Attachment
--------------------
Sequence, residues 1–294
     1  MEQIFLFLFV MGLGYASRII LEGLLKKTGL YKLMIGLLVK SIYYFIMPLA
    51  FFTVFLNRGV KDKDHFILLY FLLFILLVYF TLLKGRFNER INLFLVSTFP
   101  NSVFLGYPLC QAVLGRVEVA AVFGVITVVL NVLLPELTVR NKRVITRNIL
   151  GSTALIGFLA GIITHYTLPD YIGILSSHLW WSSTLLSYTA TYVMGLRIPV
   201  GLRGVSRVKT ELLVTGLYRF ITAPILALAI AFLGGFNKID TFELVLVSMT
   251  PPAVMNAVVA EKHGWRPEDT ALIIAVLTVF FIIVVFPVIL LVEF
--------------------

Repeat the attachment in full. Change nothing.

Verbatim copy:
Sequence, residues 1–294
     1  MEQIFLFLFV MGLGYASRII LEGLLKKTGL YKLMIGLLVK SIYYFIMPLA
    51  FFTVFLNRGV KDKDHFILLY FLLFILLVYF TLLKGRFNER INLFLVSTFP
   101  NSVFLGYPLC QAVLGRVEVA AVFGVITVVL NVLLPELTVR NKRVITRNIL
   151  GSTALIGFLA GIITHYTLPD YIGILSSHLW WSSTLLSYTA TYVMGLRIPV
   201  GLRGVSRVKT ELLVTGLYRF ITAPILALAI AFLGGFNKID TFELVLVSMT
   251  PPAVMNAVVA EKHGWRPEDT ALIIAVLTVF FIIVVFPVIL LVEF